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Built in 1861, Fort McAllister is the best preserved earthen fort constructed by Confederate forces during the American Civil War. Along with Fort Jackson and Fort Pulaski, Fort McAllister protected the city of Savannah, home of one of the South's most important seaports that the Union forces eventually gained control over. Given the strategic importance of the fort, flotillas of Union ships, including the famed "ironclad" ships that were created during the war, bombarded the fort on several occasions. However, the fort withstood the attack owing to its thick sand and earthen walls. The Union captured this fort thanks to the efforts of the Army rather than the Navy in 1864, when the city was surrounded and its forts were captured by General William T. Sherman. Fort McAllister was the last of the three forts to fall into Union hands. Its capture marked the end of Sherman's infamous "March to the Sea" campaign, during which the Union army plundered food and supplies and destroyed almost anything of use to the Confederacy which started the decline of the Confederate push against the Union.


  • Some of the earthworks at Fort McAllister
  • Cannons placed at the fort during the restoration process to remember the days of the Civil War conflict.

Fort McAllister was designed by Captain John McGrady and was inspected by Confederate General Robert E. Lee in 1861 to which he had a few recommendations to better protect the fort. Lee recommended it be enlarged to better withstand heavy bombardment, which he would be proven correct when artillery fire from Union and naval forces couldn't penetrate the walls of the fort. The Union ironclad ships—the Montauk, Passaic, Nahant, and Patapsco—could not damage the fort despite having some of the biggest cannons at the time, especially the Montauk which featured 11 and 15-inch guns. The fort itself was only defended by a few hundred soldiers and in no way could withstand General Sherman's attack with a far larger force. The Battle of Fort McAllister itself only lasted 15 minutes and ended with Union forces capturing the base which put the Confederacy on the path to losing the Civil War.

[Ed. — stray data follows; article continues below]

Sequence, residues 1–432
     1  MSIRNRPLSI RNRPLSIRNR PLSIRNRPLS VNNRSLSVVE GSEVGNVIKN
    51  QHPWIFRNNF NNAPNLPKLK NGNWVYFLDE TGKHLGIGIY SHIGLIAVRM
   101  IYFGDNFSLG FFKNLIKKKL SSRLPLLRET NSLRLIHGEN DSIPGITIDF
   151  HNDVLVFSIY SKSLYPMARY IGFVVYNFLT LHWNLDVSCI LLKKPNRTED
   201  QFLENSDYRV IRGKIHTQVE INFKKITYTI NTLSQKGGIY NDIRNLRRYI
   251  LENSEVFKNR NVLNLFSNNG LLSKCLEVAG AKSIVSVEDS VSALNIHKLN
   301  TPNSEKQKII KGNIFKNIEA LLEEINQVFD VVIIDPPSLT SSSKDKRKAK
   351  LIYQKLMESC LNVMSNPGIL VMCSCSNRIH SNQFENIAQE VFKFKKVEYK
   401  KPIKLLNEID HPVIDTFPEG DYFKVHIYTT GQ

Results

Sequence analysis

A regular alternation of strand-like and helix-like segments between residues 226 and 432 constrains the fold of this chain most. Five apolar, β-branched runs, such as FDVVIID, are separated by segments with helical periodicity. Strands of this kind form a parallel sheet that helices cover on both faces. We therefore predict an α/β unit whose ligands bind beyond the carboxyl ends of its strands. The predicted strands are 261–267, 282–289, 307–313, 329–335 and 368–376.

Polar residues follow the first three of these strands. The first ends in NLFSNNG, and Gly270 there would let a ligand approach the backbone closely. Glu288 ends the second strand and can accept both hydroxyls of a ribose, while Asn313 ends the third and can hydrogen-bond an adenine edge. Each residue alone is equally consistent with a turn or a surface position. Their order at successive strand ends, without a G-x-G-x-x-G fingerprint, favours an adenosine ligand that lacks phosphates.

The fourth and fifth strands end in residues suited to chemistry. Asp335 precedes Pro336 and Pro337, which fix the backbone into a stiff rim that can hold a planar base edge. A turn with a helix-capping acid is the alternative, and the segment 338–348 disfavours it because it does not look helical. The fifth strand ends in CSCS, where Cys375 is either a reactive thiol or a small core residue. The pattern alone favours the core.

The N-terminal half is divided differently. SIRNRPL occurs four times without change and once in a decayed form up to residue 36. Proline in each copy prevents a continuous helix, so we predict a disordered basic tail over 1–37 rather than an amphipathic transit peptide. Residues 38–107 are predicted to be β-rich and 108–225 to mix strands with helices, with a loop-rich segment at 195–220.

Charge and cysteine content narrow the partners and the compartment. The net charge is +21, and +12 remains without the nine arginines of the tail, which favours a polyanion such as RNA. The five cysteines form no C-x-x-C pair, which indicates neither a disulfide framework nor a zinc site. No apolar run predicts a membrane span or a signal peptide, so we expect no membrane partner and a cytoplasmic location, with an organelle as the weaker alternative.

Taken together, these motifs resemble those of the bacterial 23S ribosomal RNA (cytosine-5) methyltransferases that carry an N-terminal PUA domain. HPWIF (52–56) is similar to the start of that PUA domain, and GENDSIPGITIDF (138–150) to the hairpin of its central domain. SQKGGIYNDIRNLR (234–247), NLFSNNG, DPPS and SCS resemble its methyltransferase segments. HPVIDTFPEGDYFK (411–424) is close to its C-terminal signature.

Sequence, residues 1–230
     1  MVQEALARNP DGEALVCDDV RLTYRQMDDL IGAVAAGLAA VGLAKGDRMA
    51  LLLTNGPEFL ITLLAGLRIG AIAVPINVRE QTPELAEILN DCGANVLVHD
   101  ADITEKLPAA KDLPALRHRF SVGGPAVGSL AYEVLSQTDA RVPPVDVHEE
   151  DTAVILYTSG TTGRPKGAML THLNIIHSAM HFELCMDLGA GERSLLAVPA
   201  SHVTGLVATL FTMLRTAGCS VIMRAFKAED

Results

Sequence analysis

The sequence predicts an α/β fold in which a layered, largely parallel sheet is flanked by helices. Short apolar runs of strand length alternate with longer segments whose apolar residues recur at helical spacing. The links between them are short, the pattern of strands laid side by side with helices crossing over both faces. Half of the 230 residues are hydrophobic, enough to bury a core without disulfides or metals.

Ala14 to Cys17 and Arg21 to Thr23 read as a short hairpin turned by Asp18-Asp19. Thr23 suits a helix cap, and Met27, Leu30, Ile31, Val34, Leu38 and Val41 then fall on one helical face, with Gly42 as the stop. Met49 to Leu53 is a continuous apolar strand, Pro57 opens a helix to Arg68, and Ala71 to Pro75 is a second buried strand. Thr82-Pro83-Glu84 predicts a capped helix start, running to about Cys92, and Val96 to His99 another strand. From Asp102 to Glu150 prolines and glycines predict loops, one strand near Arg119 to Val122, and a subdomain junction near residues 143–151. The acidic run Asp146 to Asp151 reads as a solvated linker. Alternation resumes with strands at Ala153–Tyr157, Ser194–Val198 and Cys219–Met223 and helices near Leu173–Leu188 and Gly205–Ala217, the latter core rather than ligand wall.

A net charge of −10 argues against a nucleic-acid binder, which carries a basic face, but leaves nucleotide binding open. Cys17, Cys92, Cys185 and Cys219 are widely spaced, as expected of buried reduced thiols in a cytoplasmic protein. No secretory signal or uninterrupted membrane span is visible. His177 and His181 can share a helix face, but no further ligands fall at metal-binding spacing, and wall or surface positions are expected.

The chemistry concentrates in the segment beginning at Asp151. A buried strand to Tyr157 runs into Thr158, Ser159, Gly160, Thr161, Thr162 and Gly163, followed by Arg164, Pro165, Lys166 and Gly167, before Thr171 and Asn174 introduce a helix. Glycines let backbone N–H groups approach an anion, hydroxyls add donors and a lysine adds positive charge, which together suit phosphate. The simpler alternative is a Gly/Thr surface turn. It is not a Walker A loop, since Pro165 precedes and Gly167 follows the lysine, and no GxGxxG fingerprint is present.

After Union soldiers captured Savannah, Sherman and his forces abandoned control of the fort along with burning most of the bunkers. The fort was originally operated by Maj. George W. Anderson, but he was captured and taken to the McAllister family home to which Union forces made it a new base for Gen. William B. Hazen. This would happen on the same evening that the fort was burned and forgotten. General Hazen held a celebratory dinner for the victory inviting General Sherman and even Major Anderson. Both Anderson and Sherman got into a heated exchange over the tactics Anderson used to defend the base. Anderson and captured Confederate soldiers went under orders to clear the fort of land mines they placed on the grounds as a defense mechanism and tributes were made to those that had fallen in the Battle of Fort McAllister.

Industrialist Henry Ford bought the property in the 1930s and began efforts to restore it after the years of abandonment and poor shape it was in. In 1958, the International Paper Company bought the property and gave it to the State of Georgia. The state worked with preservation groups and historians to restore the fort to match its appearance before the Union forces captured and destroyed it. The fort would make it onto the National Register of Historic Places in 1970 and be reopened as a public park. It was combined with Richmond Hill State Park and was named Fort McAllister State Park.

"Fort McAllister State Park." Georgia State Parks. Accessed September 29, 2016. http://gastateparks.org/FortMcAllister.

Mitchell, William. "Fort McAllister." National Park Service, National Register of Historic Places. May 13, 1970. http://focus.nps.gov/GetAsset?assetID=170b96ff-85d6-4dcc-a63b-d5f4af8ccb95.